[concurrency-interest] RFC -- Java7 java.util.concurrent plans

Ben Manes ben_manes at yahoo.com
Tue Dec 30 05:35:58 EST 2008

In regards to the ConcurrentReferenceHashMap, there does not seem to be a way to be notified when an entry has been evicted.  Google's ReferenceMap has a similar issue, since neither expose listeners or their reference queues, but does allow a partial work-around.  In my usage, I supply a backing map whose "remove" methods invokes an eviction listener after performing the operation.  This allows me to update the cache's statistics, as well as perform various cleanup logic (e.g. a decorator allows mapping N keys -> value, so when evicted a call-back cleans up the index keys).  This works out fairly well, with the flaw being that removal coming down the decorator call-stack would spuriously increment the statistic's eviction count.  Since my users are forced to allow the framework to handle consistency issues, they are not able to explicitly request a removal and its a non-issue.  However, many other caching frameworks do allow direct removal as well as
 attaching custom listeners for eviction, which would make it difficult to adapt either implementation.  For the decorated approach, one would probably need to use a fairly hacking method like inspecting a ThreadLocal flag to determine which route the method was invoked from.  For the proposed Java-7 version, I can't think of any approach at the moment.

From: Doug Lea <dl at cs.oswego.edu>
To: Concurrency-interest at cs.oswego.edu
Sent: Tuesday, December 9, 2008 4:35:45 PM
Subject: [concurrency-interest] RFC -- Java7 java.util.concurrent plans

Concrete plans for Java7 release finally appear to be starting, and
we've been asked which JSR166 follow-ons should be slated for
inclusion. Here is the tentative list. Comments appreciated.

1. Phasers
   A generalization of various kinds of barriers.
2. LinkedTransferQueue (and TransferQueue interface)
   A generalization of nonblocking, blocking and synchronous queues
3. ConcurrentReferenceHashMap
   A concurrent hash map allowing weak, soft, etc keys and values.
4. Fences (in java.util.concurrent.atomic)
   Low-level memory fences
5. ForkJoin framework.
   (See below)

Preliminary versions of these can be found in various places.
Phasers and LinkedTransferQueues are in jsr166y at

The Fences API is listed at
The specs need a little bit of work, and Java JVMs will need to
support it. (Any VM can support it now extremely expensively, but it
is not useful unless supported efficiently.)  Among other reasons for
including this API is to better correspond to the similar upcoming
C++0x APIs.

Jason Greene created a version of ConcurrentReferenceHashMap based on
ConcurrentHashMap. I think the most recent version is at:
We postponed integrating this awaiting possible GC support for
Ephemerons (a solution to  weak key-value chains), which
might drive different internals.  But I don't think Ephemeron support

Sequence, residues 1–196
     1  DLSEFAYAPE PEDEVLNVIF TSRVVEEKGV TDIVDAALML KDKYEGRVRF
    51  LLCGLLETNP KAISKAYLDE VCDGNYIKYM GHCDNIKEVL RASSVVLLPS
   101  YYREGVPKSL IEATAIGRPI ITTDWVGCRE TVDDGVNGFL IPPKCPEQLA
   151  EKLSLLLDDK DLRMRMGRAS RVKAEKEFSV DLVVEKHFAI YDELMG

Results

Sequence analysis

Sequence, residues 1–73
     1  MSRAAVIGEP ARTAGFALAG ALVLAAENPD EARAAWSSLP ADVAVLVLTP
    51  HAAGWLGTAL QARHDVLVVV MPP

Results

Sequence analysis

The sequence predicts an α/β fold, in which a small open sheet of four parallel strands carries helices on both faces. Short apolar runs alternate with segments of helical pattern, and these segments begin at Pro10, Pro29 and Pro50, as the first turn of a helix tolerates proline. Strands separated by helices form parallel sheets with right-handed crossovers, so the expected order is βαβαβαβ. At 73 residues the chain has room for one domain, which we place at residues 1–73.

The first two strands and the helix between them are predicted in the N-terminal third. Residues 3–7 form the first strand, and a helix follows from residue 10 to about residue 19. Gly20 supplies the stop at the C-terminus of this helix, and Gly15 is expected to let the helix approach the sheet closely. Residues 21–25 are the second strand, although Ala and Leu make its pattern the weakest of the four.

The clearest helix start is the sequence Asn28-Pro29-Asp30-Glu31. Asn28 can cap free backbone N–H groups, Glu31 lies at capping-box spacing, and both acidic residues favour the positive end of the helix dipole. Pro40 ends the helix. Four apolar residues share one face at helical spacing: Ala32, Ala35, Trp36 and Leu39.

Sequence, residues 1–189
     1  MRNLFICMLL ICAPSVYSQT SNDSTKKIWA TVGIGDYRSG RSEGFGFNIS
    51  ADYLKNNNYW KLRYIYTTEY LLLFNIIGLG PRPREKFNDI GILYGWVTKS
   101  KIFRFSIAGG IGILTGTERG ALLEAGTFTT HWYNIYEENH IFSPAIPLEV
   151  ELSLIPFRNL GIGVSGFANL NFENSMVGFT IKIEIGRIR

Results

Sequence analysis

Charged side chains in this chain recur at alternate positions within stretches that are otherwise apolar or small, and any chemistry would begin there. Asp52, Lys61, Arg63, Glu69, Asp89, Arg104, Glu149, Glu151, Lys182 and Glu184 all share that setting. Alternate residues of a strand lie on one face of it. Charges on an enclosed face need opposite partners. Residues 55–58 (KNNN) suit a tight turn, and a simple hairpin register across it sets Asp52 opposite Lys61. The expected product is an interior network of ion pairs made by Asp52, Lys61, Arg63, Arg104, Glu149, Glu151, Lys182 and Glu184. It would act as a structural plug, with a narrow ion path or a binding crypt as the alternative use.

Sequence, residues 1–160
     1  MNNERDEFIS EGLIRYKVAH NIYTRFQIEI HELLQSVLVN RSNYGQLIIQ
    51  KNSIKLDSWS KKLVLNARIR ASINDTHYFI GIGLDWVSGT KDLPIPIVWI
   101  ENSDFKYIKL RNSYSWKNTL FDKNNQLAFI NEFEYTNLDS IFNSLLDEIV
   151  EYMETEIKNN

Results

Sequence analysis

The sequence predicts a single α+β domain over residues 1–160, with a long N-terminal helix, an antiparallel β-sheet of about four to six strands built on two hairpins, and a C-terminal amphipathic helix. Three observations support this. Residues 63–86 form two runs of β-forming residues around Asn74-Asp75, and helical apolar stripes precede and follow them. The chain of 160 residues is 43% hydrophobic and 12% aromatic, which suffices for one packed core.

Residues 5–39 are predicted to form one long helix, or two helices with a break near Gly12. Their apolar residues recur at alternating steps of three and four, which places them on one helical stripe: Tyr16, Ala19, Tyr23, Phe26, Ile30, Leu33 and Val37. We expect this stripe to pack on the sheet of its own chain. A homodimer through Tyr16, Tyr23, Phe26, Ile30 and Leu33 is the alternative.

is too likely to be in place soon, so we should consider incorporating
without this.

As most people know, existing ForkJoin support consists of two parts,
the base ForkJoin{Pool,Task} framework, and the parallel collections
(currently only ParallelArray) on top if it.  I'm thinking to only
recommend inclusion of the base framework into JDK, and to resume
working on parallel collections as a non-JDK package.  Doing this
sidesteps the interface explosion issue (the 96 interfaces like
IntAndLongToInt etc etc) and expressiveness issues (closures etc) that
make inclusion in JDK hard to argue for, while better motivating
development and usage of parallelCollections package over the
medium-term future, and as well as possible development of
associated IDE support, language extensions and/or other JVM languages

At the same time, I've been working on revisions of the base support
that provide full integration of FJ with the Executor framework --
ForkJoinPool will implement Executor service and ForkJoinTask will
implement Future. (The main idea making this possible is to allow
controlled blocking and spawning spare threads when necessary to
maintain parallelism.) Among the motivations is to accommodate usages
in both Fortress and X10 (which are or will be compiled to run on
JVMs) requiring this sort of capability. But it also comes into play
in constructions that people have wanted but hadn't worked, like
creating a set of looping (non-FJ-like) tasks, each of which
sometimes spawns FJ tasks.

More details will follow (getting the internal parallelism maintenance
working well is going slowly), but this invites simply adding the base
framework to java.util.concurrent proper: class ForkJoinPool (with class
ForkJoinWorkerThread still available for advanced usages and tuning)
plus abstract class ForkJoinTask, with support
for the three basic flavors via abstract subclasses RecursiveAction,
RecursiveTask, AsyncForkJoinAction (the last one revamped to enable
construction of classes like BinaryAsyncAction without needing to
provide them.)

I'll await comments and suggestions on all this before putting
it into place. (Where putting in place means initially
reorganizing package jsr166y along these lines, and later
transferring to java.util.concurrent.)


Concurrency-interest mailing list
Concurrency-interest at cs.oswego.edu

-------------- next part --------------
An HTML attachment was scrubbed...
URL: <http://cs.oswego.edu/pipermail/concurrency-interest/attachments/20081230/4c76dce0/attachment.html>

More information about the Concurrency-interest mailing list